There comes a time as a parent when you transition from coddler and cheerleader to adult life coach. That means you become a messenger, bearing news from the real world. It catches many young people by surprise, and the fallout can be intense.
A friend of mine – we’ll call her Patty – is a single mom, raising a boy in the sixth grade and a girl who’s about to graduate from high school. The daughter recently composed a college essay, and asked her mom to look it over.
Everything was rosy until Patty offered an honest evaluation. She essentially said, “If this is the best work you can do, then send it; if you’re open to suggestions on how to make it better, let me know.”
Her daughter did not react well. As Patty said, “she lost it.”
This story illustrates the different game plans that parents employ, depending on their child’s stage of education. The sixth grader is in a place where encouragement is key, while his older sister is beginning to glimpse the realities of adulthood.
When they’re ten years old, your kids probably hear things like “good job” and “way to go!” You’re helping them to develop confidence in their skills, which in turn will propel them toward the next assignment. But as they approach the end of their secondary education, the stakes get higher, and the prep for college or the workplace takes on more significance.
The college essay experience revealed a lot to my friend. “I’m not coddling her anymore about the quality of her work,” Patty said. “I feel like part of preparing her for adulthood is keeping it real. There won’t be a teacher around anymore to grade her on this – she’s on her own now.”
And her analysis of it all gets to the heart of the transition we make as parents.
“At some point you shift from developing your child’s ego in a healthy way to the next stage, which is the death of ego. But that’s how we evolve, when we stand in our truth and accept that we’re not perfect . . . and that’s perfectly okay.”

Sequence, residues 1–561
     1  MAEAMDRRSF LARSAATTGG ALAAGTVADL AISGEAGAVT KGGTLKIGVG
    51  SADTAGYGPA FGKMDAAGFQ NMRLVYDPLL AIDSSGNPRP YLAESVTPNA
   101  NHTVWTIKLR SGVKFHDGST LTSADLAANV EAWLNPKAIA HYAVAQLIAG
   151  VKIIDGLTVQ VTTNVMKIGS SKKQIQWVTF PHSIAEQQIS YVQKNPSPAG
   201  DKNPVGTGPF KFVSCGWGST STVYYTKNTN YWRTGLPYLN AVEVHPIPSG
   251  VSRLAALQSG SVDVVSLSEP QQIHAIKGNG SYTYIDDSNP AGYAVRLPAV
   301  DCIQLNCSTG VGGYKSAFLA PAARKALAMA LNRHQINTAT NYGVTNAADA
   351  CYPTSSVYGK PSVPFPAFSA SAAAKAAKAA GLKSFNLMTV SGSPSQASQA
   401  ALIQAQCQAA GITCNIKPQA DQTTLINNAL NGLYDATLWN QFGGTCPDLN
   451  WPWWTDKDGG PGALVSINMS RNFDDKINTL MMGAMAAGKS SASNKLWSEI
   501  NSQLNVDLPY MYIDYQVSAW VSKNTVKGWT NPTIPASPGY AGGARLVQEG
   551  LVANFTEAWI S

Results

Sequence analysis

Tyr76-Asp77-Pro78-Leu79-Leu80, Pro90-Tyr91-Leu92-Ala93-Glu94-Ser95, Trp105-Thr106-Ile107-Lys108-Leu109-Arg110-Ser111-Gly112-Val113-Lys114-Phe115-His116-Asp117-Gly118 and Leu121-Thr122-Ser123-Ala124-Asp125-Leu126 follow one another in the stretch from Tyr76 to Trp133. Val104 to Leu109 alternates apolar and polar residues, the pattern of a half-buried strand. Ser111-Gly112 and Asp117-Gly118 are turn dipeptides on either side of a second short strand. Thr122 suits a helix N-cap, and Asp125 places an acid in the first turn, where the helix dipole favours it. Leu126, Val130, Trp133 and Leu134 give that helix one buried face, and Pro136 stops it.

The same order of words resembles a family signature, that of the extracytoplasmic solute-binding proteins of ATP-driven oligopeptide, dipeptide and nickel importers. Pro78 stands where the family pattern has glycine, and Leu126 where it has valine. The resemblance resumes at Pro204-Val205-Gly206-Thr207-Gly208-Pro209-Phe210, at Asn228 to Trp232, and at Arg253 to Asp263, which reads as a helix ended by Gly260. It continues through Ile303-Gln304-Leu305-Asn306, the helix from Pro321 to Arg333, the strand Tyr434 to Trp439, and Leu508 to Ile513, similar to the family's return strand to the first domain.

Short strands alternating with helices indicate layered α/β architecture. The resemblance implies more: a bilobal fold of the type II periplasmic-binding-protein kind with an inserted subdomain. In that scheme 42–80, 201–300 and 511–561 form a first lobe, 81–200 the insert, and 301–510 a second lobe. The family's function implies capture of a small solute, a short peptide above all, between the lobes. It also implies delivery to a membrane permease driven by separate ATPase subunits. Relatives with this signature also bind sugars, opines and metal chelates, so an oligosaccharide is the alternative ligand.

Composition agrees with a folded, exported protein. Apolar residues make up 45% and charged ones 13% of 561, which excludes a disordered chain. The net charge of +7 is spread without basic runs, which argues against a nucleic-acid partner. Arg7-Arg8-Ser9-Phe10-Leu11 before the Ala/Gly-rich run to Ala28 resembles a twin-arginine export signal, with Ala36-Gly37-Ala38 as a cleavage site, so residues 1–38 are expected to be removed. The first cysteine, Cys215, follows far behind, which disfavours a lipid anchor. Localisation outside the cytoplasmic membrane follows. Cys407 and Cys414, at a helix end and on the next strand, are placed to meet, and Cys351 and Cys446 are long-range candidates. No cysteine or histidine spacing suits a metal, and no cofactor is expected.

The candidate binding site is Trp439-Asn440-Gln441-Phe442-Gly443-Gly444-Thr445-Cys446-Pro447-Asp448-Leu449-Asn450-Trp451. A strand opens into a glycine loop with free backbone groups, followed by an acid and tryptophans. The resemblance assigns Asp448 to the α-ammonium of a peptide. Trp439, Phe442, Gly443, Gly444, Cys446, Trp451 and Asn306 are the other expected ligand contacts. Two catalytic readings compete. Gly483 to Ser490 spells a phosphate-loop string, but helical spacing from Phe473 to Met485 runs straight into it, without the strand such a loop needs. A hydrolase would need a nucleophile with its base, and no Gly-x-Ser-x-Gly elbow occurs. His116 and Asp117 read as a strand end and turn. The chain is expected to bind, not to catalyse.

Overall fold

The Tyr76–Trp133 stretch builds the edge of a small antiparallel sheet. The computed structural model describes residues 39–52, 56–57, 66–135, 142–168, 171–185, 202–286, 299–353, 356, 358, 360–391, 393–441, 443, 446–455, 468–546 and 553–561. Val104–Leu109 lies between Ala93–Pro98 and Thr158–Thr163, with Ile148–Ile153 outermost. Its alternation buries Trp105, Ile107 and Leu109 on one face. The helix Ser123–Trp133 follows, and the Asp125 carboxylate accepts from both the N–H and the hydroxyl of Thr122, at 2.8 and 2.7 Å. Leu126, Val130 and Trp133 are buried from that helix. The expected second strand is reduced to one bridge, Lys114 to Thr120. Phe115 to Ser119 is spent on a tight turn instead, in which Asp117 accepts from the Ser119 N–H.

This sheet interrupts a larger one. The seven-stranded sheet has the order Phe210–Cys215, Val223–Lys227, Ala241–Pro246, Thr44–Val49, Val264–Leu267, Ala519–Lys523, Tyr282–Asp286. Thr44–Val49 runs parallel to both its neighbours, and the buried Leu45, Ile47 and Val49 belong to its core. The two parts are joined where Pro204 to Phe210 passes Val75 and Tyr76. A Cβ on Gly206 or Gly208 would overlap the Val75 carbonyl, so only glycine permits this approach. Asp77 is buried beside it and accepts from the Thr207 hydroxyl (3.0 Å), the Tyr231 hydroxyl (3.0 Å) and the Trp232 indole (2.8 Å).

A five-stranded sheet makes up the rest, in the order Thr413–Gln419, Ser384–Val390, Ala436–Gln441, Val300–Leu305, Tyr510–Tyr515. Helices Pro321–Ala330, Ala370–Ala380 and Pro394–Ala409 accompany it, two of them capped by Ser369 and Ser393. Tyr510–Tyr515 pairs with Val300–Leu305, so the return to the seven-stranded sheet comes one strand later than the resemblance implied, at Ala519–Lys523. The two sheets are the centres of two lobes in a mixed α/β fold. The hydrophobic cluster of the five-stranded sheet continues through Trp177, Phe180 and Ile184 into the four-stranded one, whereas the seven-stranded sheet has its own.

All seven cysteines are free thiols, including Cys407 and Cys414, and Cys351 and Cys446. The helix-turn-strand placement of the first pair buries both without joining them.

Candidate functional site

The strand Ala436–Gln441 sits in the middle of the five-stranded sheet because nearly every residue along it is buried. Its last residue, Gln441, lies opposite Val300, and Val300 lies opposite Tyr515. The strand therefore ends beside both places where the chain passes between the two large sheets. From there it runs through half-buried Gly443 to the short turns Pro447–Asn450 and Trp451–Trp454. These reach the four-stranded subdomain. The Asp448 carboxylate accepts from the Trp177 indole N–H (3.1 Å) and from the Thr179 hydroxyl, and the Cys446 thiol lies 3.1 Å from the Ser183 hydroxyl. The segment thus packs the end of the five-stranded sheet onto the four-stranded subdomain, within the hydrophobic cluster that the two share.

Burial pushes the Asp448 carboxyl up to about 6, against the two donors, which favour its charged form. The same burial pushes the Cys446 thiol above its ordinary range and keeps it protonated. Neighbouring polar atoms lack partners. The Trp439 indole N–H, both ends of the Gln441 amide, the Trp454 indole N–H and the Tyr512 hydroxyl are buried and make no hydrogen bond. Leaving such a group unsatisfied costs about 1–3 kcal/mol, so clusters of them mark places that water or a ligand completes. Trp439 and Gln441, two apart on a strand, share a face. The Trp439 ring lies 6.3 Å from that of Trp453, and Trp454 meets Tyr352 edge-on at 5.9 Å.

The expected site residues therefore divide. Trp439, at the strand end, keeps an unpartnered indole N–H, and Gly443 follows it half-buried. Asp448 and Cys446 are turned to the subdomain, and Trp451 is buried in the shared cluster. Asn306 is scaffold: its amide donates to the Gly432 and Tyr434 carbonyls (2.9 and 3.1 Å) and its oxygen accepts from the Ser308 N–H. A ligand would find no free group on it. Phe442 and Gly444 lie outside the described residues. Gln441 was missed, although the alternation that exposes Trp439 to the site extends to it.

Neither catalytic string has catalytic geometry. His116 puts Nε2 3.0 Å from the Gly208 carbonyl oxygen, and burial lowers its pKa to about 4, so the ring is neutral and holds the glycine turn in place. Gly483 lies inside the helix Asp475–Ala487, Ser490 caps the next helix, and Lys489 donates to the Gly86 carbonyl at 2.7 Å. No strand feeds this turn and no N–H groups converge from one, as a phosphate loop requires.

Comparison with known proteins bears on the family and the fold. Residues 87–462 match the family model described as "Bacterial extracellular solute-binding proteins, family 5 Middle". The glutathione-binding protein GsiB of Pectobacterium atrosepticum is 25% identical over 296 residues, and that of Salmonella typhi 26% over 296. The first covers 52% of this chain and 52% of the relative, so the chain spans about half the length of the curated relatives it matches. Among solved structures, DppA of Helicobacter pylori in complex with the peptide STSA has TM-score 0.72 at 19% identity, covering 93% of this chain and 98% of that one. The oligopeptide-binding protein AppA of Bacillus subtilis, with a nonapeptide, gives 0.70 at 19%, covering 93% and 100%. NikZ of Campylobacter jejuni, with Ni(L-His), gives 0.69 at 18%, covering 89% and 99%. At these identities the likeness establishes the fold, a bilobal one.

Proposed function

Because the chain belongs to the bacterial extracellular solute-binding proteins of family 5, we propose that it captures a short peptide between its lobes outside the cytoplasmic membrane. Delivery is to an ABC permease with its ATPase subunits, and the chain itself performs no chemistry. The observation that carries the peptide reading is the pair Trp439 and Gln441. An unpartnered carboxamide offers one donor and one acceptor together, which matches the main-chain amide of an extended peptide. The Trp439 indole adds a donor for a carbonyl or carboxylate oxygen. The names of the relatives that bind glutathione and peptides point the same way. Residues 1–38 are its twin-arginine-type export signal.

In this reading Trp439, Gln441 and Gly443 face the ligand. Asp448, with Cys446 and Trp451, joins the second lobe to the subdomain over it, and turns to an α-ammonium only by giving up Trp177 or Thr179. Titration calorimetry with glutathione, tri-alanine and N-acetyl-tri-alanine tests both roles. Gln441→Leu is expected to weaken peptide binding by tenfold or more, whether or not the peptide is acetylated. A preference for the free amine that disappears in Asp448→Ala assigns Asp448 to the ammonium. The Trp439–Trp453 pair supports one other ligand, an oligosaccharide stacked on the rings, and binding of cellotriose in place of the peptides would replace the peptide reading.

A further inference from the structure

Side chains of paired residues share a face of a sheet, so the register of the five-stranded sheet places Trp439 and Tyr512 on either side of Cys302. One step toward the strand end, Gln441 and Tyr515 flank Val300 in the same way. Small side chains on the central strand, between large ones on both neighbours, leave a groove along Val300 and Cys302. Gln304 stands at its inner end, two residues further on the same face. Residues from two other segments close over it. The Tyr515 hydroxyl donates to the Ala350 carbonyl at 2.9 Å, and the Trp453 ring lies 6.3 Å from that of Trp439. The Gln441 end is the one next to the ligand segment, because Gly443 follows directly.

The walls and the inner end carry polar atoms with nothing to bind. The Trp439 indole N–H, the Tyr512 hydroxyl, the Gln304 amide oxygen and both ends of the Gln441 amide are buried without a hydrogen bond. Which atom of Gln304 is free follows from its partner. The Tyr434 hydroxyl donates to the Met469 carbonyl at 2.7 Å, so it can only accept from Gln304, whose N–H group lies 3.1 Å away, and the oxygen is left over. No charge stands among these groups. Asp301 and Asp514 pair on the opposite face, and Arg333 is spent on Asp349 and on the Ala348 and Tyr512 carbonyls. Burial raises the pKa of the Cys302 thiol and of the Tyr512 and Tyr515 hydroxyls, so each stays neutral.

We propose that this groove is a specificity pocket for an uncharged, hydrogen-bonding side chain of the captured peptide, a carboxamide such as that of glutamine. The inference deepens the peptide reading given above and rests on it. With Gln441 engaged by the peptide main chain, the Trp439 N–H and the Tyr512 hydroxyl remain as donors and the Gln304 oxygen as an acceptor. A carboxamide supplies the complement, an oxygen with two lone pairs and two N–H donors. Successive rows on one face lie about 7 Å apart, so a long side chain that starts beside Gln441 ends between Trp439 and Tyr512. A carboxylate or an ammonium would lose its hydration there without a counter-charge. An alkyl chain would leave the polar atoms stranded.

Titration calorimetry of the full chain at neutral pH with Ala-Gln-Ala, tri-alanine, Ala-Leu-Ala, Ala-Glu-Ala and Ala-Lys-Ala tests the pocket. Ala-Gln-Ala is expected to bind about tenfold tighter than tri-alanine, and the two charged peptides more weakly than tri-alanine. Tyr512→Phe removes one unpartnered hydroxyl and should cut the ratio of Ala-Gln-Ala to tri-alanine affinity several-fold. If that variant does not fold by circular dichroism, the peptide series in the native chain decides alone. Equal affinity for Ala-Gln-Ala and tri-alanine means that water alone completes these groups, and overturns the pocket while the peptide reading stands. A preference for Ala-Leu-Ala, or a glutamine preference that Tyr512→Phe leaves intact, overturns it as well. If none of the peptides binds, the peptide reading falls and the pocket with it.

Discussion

Ideally this shift is gradual – and in our adult eyes it might very well seem that it is. But often it’s one particular incident that introduces a teenager to the real world, and to them it seems to happen in a flash.
Nobody wants to crush the spirit of a student, but extending the coddling stage for too long can have an equally disastrous effect if the young person never experiences the death of ego.
Every opportunity to smooth this transition is a gift, one that eventually will help your child to embrace the responsibilities – and sometimes harsh realities – of a grown-up world.
Dom Testa is an author, speaker, morning radio show host, and has kept a ficus tree alive for twenty two years. He’s also the founder and president of The Big Brain Club, a non-profit foundation that helps young people recognize that Smart Is Cool. More info at www.DomTesta.com.
Thank you, you look for the subject of the period.
Thank you from my heart
I think I am about to hit this parenting transition where I need to balance encouraging words with being more brutally honest. Building up and challenging at the same time is a hard process.